An international consortium of energy companies has presented its plans to develop a 6 gigawatt (GW) solar and wind hybrid project in Western Australia, designed to export clean energy to Indonesia through subsea cables.
Western Australia is set to take advantage of its significant solar and wind resources to export renewable energy to Indonesia, contributing significantly to the country’s clean energy future and energy security through reducing reliance on imported fossil fuels.
The proposed project is called Asian Renewable Energy Hub (AREH) and is another mega energy project which underlines the significant opportunities that domestic renewable resources can provide for countries to become the ‘new’ energy exporters.
The hybrid power plant would be spread over 14,000 square km in flat desert land on the north-west coast of Australia.
It would comprise approximately 1,200 wind turbines supplied by Vestas, and 10 million solar panels with an aggregated capacity of 6GW – enough electricity to power more than 7 million households.
4,000 megawatts (MW) will be supplied by wind energy, and 2,000MW from solar.
The project location took more than 2 years to find, but it is considered ideal due to its particular geography and topography, allowing optimal performance for both wind and solar technology perfectly complementing one another throughout the day.
The electricity produced will be transferred through high voltage direct current (HVDC) technology which allows for the efficient transmission of power over long distances with the subsea cables being attached to maritime ships.
The innovative technology would create a ‘maritime super highway’ of renewable energy. The project’s proximity to Indonesia in addition to advanced subsea cable technologies are expected to allow for cost-efficient transmission of such amounts of electricity.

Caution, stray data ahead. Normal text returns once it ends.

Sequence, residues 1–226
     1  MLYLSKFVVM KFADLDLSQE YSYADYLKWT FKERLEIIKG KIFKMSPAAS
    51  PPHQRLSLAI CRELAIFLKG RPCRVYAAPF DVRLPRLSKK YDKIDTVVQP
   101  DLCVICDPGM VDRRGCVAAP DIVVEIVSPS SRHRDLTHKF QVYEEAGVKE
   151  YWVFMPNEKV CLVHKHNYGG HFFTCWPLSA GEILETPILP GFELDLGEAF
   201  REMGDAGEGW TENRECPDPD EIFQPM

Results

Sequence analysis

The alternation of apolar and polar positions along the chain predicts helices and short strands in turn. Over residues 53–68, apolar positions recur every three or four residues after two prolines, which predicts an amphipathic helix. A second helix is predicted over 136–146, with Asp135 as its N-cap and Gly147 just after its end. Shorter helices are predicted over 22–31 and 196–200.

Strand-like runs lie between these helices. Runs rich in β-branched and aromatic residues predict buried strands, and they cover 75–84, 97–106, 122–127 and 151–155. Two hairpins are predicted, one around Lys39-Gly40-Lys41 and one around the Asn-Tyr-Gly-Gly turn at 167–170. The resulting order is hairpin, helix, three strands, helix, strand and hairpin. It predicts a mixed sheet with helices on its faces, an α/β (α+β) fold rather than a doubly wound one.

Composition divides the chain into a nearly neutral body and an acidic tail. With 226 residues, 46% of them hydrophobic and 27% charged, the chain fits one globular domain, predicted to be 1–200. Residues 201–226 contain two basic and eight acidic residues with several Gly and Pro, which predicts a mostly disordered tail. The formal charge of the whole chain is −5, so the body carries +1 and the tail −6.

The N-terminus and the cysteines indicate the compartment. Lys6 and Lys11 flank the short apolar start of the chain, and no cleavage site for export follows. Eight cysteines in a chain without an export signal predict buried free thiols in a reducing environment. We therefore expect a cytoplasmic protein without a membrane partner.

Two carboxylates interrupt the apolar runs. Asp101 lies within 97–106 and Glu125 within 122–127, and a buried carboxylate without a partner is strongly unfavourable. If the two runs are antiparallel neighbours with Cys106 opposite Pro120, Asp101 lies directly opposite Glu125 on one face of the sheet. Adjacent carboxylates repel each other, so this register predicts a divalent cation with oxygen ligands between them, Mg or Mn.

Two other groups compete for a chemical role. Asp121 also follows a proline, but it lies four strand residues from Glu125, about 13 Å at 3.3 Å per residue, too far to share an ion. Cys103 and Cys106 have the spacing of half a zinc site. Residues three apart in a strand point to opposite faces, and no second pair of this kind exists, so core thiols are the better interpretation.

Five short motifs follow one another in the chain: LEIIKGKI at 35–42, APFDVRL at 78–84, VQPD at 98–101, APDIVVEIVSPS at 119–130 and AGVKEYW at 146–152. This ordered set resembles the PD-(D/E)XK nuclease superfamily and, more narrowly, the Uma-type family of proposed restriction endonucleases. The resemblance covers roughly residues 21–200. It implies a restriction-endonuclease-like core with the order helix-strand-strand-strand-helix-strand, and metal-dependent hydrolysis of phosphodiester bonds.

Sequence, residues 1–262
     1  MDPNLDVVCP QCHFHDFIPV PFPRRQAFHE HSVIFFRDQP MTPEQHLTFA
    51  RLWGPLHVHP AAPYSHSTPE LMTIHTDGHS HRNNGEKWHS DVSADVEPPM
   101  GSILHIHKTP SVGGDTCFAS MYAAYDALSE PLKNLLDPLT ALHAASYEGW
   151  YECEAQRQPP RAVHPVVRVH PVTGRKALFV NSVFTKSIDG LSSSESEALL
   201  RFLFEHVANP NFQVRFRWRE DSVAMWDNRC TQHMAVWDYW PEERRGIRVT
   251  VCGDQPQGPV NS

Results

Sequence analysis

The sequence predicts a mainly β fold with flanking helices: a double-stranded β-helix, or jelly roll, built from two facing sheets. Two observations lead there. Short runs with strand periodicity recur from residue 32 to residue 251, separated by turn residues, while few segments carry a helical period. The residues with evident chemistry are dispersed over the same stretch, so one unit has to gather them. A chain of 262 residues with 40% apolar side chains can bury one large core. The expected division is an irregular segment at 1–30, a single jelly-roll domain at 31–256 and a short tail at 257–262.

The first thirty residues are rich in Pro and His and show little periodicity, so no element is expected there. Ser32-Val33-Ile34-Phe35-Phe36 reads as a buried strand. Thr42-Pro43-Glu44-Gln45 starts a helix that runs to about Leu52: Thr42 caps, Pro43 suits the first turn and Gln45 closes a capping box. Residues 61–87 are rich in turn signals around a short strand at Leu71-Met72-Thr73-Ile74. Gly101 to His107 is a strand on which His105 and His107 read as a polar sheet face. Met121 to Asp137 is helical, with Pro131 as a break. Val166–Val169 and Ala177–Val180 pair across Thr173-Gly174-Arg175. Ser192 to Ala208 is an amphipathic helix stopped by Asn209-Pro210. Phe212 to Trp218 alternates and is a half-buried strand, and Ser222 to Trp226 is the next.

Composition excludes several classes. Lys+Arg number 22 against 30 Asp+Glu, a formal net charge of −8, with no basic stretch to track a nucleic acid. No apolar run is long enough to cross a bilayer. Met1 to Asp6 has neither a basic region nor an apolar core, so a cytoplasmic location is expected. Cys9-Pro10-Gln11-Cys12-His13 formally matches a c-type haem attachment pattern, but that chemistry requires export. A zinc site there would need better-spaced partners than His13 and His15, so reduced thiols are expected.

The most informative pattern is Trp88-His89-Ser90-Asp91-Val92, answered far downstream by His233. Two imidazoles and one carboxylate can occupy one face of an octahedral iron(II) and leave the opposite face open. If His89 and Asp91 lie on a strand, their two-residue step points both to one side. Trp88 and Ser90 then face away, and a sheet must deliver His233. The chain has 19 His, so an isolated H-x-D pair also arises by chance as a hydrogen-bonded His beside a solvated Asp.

Among the confirmed partners are: US-based InterContinental Energy, CWP Energy Asia, Vestas, Italian Prysmian Group, specialising in electric power transmission and telecommunications cables, and Singapore-based Swire Pacific Offshore.
Project development started in 2014 and it has now embarked on a search for investors, with aspirations to have reached financial close by 2020. The first phase of development is expected to cost $10 billion.
If everything goes well, construction will start in 2023 and the project will be completed by 2029.
Apart from the financial advantages that the project offers to Western Australia it will play a pivotal role in Indonesia’s economic development too, as the wind and solar generating equipment would be manufactured in Indonesia.
This is expected to create a new source of skilled, high-tech jobs and the development of a local supply chain.
Alexander Hewitt, managing Director of CWP Energy Asia said: “Wind and solar energy, working together have enormous potential to supply reliable and competitively priced renewable energy across regions”.
He added: “Given the increasing ability to move energy over long distances, the Asia Renewable Energy Hub is a compelling proposition for Indonesia – not only for supplying the energy, but for the economic benefits that come with establishing manufacturing facilities in Indonesia”.
Clive Turton, President of Vestas Asia Pacific said: “As renewable energy becomes cost-competitive with fossil fuels, it becomes more and more attractive both as a source of electricity and as a source of jobs and investment”.